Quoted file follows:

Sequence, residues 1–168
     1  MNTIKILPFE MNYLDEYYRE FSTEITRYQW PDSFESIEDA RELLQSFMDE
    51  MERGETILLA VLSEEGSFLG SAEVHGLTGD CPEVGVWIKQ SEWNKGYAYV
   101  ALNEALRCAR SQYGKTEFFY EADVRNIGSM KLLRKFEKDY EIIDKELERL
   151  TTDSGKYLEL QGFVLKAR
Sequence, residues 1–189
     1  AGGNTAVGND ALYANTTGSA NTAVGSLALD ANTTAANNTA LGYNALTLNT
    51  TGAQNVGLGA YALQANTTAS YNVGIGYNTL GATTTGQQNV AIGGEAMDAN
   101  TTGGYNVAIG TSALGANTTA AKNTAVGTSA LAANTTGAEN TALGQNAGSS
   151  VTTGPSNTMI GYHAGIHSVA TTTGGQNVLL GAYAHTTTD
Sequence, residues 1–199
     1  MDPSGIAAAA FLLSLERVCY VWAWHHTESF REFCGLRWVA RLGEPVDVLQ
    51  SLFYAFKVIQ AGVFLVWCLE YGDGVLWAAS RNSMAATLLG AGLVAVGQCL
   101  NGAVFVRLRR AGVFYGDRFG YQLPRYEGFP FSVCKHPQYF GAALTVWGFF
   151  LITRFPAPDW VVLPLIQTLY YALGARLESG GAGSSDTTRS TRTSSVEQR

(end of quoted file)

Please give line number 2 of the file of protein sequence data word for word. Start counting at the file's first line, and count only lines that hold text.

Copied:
     1  MNTIKILPFE MNYLDEYYRE FSTEITRYQW PDSFESIEDA RELLQSFMDE